“Terrence Crawford and Jon Bluitt are my two biggest memories from those teams. Crawford was nearly unstoppable at the high school level. He was the perfect blend of height, athleticism and skill. Even the best 6A teams couldn't stop him — Midwest City included — and Bluitt was so efficient running the point.” — Former Oklahoman sports writer Murray Evans, now the sports information director at Oklahoma Christian.
“We had guys with a tremendous amount of talent, and guys who loved to play the game of basketball.” — McGuinness coach Tondrell Durham.
Coach: Nate Harris
Years of titles: 1984-87
The stars: Melvin Gilliam, Arthur Thomas and Andre Davis starred on the early teams, while Richard Dumas carried the load for the second two title teams with players like Charles Marshall and Jamal West contributing. Gilliam had 31 in the 1985 finals, just months after leading the football team to a state championship.
The competition: Surprisingly, Tulsa Washington played 11 different teams to earn the 12 state tournament victories during the four-peat. Enid was the only team to face the Hornets twice at state. They beat Tulsa McLain, Tulsa Memorial, Edmond and Putnam City North in title games.
Bumps in the road: The Hornets trailed McLain at halftime of the 1984 title game but rallied behind Gilliam and Thomas. They were down nine in the second half to Enid in the 1985 semifinals before winning 75-73. But in the last two seasons, only PC North played the Hornets within 10 points at state.
“Earlier this year when Douglass played Booker T., somebody told me that Booker T. had a 6-6 post. Man, when we played them that was their guards. They were monsters. They weren't only big, but they were athletic. Top to bottom, they had the most physical talent I ever saw.” — Former Douglass coach Willie Kelley.
“Nate (Harris) is similar to Varryl Franklin at Millwood. I know a lot of people say, ‘You've got this guy, you've got that guy, you should win' and I'm not one of those guys that say I didn't have any talent. But the key to making the most of that talent is making them understand that the team is more important and Nate definitely did that.” — Tommy Griffin, former coach at multiple OKC-area schools, now a girls assistant at Midwest City.
“(Edmond coach) Mike de la Garza told me, ‘I always knew they had the best players. I didn't know they worked harder than anybody else.' They didn't always player harder than anybody else, but when it came to the state tournament, they did.” — Former Oklahoman writer Mike Brown, now with the Tulsa World. As the Edmond coach, de la Garza lost to Tulsa Washington 72-56 in the 1986 finals.
Years of titles: 1978-81
Coaches: Eddie Evans (1978-79), Varryl Franklin (1980-81)
The stars: Lorenza Andrews guided the first two title teams, along with the help of others like Joe Carter, who went on to become one of the greatest baseball players the state produced. Later, Paul Clewis, Freddie Moore and Anthony Andrews helped the Falcons finish the four-peat.
The competition: Wewoka was the familiar foe of the championship games, twice meeting Millwood for the gold ball. Otherwise, the Falcons spent much of their season playing the state's best teams from the metro area, like Star Spencer, Southeast and others. The 1978 team lost 11 games, but such was the life of one of the smaller teams in the Capital Conference, now known as the All-City Conference.
Bumps in the road: The Falcons had two narrow escapes in the 1980 state tournament, winning by 64-63 over Fort Gibson in the first round and 63-61 over Clinton in the semifinals. Then in the finals, Millwood missed its first 13 shots before pulling away for a 77-69 win over Wewoka. The 1981 team beat Tecumseh 60-58 in an overtime semifinal matchup. The Falcons' closest title game during the four-peat was 62-58 over Wewoka in 1979.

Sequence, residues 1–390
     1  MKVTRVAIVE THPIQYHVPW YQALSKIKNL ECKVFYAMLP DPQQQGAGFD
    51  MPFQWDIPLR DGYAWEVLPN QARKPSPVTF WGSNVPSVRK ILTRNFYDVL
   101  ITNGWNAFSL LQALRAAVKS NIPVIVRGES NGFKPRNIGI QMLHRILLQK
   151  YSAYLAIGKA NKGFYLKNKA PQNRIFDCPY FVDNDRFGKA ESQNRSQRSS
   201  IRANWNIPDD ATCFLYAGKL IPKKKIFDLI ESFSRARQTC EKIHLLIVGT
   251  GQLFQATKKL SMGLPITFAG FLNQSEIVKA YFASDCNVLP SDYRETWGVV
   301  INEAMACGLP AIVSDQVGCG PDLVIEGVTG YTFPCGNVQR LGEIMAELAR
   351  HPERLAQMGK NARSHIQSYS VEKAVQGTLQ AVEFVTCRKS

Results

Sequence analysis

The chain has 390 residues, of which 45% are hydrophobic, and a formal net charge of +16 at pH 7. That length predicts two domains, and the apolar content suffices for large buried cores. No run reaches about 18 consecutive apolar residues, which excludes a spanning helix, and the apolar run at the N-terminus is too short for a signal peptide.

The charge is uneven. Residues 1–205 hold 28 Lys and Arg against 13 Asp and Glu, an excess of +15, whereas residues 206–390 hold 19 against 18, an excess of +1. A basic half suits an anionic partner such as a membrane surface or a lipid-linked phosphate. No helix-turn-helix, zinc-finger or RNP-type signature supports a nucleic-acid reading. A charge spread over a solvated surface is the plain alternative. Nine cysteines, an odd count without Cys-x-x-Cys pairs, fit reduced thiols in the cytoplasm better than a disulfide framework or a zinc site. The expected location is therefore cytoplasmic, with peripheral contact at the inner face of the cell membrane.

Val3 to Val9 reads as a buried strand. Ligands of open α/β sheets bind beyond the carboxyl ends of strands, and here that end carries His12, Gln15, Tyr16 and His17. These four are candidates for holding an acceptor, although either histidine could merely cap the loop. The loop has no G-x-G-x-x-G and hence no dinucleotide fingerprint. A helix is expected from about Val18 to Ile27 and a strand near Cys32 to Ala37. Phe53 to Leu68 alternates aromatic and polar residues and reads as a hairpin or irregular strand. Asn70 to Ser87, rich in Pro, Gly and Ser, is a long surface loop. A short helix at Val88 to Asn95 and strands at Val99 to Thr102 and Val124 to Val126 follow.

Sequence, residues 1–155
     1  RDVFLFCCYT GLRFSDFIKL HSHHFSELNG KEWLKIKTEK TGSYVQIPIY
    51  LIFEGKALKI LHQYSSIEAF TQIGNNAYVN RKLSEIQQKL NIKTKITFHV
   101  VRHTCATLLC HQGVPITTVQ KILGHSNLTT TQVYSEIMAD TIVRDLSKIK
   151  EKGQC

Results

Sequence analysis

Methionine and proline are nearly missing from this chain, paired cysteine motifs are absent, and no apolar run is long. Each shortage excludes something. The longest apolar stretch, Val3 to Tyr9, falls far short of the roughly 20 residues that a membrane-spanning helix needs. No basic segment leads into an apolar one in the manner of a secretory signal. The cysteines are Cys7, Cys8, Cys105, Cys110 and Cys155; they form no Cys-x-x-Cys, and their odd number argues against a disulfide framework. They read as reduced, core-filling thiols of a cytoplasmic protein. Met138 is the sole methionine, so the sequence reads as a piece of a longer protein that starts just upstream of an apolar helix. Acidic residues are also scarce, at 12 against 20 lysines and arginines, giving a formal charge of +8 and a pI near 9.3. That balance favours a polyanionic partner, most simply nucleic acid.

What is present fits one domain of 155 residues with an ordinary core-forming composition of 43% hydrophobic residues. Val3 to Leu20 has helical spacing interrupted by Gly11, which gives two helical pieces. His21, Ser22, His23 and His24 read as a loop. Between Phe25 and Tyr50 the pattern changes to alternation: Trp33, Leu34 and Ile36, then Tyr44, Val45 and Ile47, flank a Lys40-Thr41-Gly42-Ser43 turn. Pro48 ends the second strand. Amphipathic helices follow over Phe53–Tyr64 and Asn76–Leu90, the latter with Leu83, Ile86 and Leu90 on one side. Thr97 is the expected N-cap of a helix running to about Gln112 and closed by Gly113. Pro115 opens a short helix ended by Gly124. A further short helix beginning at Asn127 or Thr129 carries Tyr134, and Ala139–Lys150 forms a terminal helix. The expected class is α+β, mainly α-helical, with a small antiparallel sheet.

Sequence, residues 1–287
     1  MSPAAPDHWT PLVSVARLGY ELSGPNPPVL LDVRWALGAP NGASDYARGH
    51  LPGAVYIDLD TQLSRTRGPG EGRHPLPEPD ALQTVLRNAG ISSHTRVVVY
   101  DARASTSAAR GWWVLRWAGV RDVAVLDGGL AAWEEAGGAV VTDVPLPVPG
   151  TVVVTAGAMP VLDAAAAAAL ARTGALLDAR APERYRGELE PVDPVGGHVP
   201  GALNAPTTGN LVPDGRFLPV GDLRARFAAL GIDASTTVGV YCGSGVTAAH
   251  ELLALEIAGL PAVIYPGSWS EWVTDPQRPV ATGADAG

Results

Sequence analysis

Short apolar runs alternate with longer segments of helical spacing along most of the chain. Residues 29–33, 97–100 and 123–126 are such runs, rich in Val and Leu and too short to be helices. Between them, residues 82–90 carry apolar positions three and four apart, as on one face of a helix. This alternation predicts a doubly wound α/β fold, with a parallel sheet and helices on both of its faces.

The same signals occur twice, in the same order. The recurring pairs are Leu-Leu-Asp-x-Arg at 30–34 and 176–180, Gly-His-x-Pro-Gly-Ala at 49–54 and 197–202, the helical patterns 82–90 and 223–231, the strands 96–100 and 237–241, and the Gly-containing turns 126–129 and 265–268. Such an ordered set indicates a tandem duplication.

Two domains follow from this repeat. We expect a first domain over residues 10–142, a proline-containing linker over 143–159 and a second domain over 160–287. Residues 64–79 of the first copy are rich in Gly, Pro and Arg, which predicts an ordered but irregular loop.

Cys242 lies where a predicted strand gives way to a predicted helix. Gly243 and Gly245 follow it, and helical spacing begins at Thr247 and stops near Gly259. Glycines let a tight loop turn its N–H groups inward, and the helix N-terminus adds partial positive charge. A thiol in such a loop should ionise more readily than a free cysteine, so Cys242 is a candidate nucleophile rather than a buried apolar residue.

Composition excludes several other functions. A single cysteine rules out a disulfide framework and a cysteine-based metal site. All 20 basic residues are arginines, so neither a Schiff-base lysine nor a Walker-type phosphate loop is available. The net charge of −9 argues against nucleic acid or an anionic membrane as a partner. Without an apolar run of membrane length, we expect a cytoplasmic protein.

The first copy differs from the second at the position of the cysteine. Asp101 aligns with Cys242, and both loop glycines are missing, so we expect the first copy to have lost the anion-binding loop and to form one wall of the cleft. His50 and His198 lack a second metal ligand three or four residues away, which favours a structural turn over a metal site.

“Eliminate Millwood from the 3A basketball ranks and Wewoka is in the midst of a dynasty,” — Oklahoman writer Jim Lassiter wrote after the second Millwood-Wewoka championship game in 1980.
“My first year at the paper was 1980, Wayman Tisdale's sophomore year. Neither Millwood nor Booker T. were in the Tournament of Champions but they played at Booker T. on Tuesday before the tournament. Paul Clewis, who was a senior, was the last guy I could remember that got the better of Wayman Tisdale. He pushed Tisdale all over the floor. That team rebounded and shot the ball off the break and they were unbelievable at it.” — Former Oklahoman writer Mike Brown, now with the Tulsa World.
“I have a lot of respect for Chop (Millwood coach Varryl Franklin). Varryl's not a candy-coated type of guy but he gets the most out of his players.” — Tommy Griffin, former coach at multiple OKC-area schools, now a girls assistant at Midwest City.
Years of titles: 1976-79
Coach: Johnnie Johnson
The stars: Players like Eric Gathers, Snake Gressham and Alvin Parker starred on the early teams, with Gathers helping win the first three titles. But the biggest names rose to the top on the 1979 team. Leroy Combs and Kenneth Orange, both of whom played professionally, led the Bobcats to an undefeated record that year, along with a spot on the list of Oklahoma's best basketball teams of all time.
The competition: Twice faced Tulsa Edison in the finals, and defeated Lawton Eisenhower in the 1977 semifinals, a meeting of No. 1 vs. No. 2. But the biggest competition came from Matt Clark-led Southeast in 1978. The Spartans were undefeated when they played Star for the Class 3A title that year.
Bumps in the road: The first title team survived a semifinal clash with Northwest when Parker hit a 20-foot jumper at the buzzer for a 55-54 win. The biggest showdown of the four-year stretch came against Southeast in the 1978 title game, when Julius Boone scored 24 points — including two critical late jumpers — to lead Star to a 61-60 win.
“When you walked into Star Spencer, you were down 10 or 15 points, just because of the aura. They had such a tremendous amount of talent.” — Patrick Cudjoe, Northeast player form 1976-79, now the Star Spencer head coach.
“With the size of that team, and the athletic ability they had, they could really shoot the basketball and they were a great shot-blocking team — I think they could play with any of the other teams (that won four straight). It would be hard to beat those guys, because they had a special chemistry. Some of our practices were better than the games, because the guys from that '79 team, when they were younger, they were competing every day against Eric Gathers and Snake Gressham and those guys.” — Former coach Phil Ingersoll, who was a Star Spencer assistant during the four-peat.